If there is a good engineering reason, then it's probably been lost in the mist of time (pun intended). AFAIK these splash shields date back to when disc brakes were first fitted to road cars, but not on all of the cars. IIRC the Daimler SP250 and the Jaguar XK150 were roadster sports cars that both came out in the late 1950's with 4 wheel disc brakes, and I think that the Daimler SP250 did not have shields fitted but the Jag did (?)


Edited by freddofrog, 29 March 2017 - 12:54 PM.

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#10 Jon_G

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Posted 29 March 2017 - 12:53 PM

Do motorbikes have disc shields?

#11 freddofrog

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Posted 29 March 2017 - 12:58 PM

Now there's a damned good point, the discs on early motorbikes would have been thinner and more prone to warping, so if those don't require shields then one has to wonder what maniacal fool would want them fitted on a car. Maybe it was marketing who came up with the idea  :lol:


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#12 Goodluckmonkey

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Posted 29 March 2017 - 01:06 PM

The discs on earlier bikes were huge thick things. I have a '78 gs750 and the discs are approx 9mm thick.

A modern disc is half the thickness.

The only time they've ever had covered discs was for aesthetics.

FWIW, I ground the spot weld off the o/s/r disc splash guard on my tourer and chucked it. MOT guy wasn't fussed.
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#13 freddofrog

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Posted 29 March 2017 - 01:17 PM

That is very interesting, i am tempted to take them off both rears on my Tourer just because they are daft.


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#14 Goodluckmonkey

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Posted 29 March 2017 - 01:22 PM

They do have a lip on them that corresponds with a groove in the disc - prevents crud getting to the drum assembly.

Removed that one of mine because they rust behind the disc then have a little squeal and drone.
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#15 Cliffordski

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Posted 29 March 2017 - 03:08 PM

One of mine came off recently.

 

Thanks to your goodself I now know it's definitely not an MOT fail, despite being informed otherwise on another forum. I checked with my local Honda main dealer, who does my MOTs, and they confirmed this.

 

In the couple of weeks or so it's been off I've driven in different conditions, including wet/muddy, and noticed no difference whatsoever.

 

Replacing these on the Tourer looks an unappealing job, so I'm very happy not to have to do it.


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#16 Goodluckmonkey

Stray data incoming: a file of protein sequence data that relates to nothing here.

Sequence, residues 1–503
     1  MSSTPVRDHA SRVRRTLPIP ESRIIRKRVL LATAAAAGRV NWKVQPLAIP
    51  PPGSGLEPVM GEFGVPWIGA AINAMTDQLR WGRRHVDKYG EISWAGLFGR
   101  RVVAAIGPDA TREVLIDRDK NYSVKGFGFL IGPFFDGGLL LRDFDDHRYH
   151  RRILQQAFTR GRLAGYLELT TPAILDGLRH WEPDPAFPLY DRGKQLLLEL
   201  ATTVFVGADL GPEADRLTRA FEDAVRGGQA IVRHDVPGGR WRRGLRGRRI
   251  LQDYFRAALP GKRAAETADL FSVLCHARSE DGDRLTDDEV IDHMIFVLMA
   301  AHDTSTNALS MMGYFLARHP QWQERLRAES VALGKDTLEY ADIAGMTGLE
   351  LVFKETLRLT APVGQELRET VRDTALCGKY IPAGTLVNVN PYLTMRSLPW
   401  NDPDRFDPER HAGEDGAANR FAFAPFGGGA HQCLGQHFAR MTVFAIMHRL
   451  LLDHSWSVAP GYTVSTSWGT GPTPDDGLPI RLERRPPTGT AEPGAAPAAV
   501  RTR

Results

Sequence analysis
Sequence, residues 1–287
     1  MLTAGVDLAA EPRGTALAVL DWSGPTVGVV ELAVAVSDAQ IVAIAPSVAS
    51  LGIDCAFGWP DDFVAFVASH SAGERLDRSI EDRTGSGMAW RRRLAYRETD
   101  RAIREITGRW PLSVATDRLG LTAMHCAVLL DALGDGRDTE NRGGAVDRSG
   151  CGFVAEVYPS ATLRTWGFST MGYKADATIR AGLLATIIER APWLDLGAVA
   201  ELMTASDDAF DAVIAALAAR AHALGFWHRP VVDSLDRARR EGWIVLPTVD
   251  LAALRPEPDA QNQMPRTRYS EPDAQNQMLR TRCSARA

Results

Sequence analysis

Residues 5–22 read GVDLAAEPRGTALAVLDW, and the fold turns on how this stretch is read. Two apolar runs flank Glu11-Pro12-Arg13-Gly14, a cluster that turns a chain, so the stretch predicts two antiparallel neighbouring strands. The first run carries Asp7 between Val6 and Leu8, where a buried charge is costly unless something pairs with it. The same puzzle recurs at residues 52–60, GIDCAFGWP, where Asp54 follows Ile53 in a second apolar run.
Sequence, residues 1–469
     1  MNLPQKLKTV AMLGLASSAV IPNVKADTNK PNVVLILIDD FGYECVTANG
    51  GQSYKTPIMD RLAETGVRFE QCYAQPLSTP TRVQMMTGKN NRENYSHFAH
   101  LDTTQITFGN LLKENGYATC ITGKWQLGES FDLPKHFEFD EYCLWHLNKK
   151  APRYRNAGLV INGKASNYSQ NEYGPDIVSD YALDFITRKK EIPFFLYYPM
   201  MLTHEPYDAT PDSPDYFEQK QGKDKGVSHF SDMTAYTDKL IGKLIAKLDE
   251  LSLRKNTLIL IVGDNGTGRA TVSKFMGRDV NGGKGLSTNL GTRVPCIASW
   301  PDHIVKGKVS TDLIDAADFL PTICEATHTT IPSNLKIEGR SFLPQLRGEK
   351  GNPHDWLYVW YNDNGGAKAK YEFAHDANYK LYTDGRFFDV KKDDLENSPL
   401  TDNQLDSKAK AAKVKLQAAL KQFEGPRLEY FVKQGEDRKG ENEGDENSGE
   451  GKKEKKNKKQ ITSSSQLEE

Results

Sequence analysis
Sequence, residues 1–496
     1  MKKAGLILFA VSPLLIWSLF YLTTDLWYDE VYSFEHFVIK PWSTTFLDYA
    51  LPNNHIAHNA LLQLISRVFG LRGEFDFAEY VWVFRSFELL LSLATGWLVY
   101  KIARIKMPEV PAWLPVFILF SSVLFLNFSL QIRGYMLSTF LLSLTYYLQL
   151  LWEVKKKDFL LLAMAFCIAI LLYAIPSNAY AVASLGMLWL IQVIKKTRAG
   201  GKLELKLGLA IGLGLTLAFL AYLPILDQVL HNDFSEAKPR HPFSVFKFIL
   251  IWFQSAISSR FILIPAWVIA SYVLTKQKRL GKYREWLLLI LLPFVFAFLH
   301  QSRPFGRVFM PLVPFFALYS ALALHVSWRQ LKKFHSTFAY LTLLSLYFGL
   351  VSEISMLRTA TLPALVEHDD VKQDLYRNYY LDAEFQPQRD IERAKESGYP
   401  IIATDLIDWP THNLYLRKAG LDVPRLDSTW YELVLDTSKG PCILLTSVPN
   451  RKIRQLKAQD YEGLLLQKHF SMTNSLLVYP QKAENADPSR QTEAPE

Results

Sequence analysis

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Posted 29 March 2017 - 03:25 PM

They're spot welded to the hub carrier. Don't even know if replacement's an option?
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#17 Mr Honda

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Posted 29 March 2017 - 03:46 PM

The tourer has a rear drum system, so don't think that removing them is quite so easy. The fronts are removable.


Edited by Mr Honda, 29 March 2017 - 03:46 PM.


#18 Goodluckmonkey

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Posted 29 March 2017 - 03:58 PM

The fronts are probably worse. The hub's in the way, so you'd need to press the hub out the bearing to get them off, unless you cut them off, and then you don't have room to swing an angle grinder.

On the rears you just pull the brake disc off and grind off the spot welds.

Edit - on a 7th Gen tourer anyway.

Edited by Goodluckmonkey, 29 March 2017 - 04:14 PM.

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Avg Consumption currently @ 44.5mpg

#19 freddofrog

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Posted 29 March 2017 - 04:22 PM

^what he said 

 

this is the diagram of the parking brake shoes on Lings, it shows the backing plate with the shield as one part, the red circle (drawn by my niece's son aged 5) shows the division between the plate and the shield

 

CM2_rear_parking_shoes.jpg
 
but in reality the shield is just spot welded and those give way over time, as is starting to happen in the pic below
 
CM2_rear_photo.jpg

Edited by freddofrog, 29 March 2017 - 04:27 PM.

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#20 freddofrog

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Posted 29 March 2017 - 04:49 PM

 despite being informed otherwise on another forum. 

 

I can just imagine some maniacal nincompoop conflating issues so that white appears black.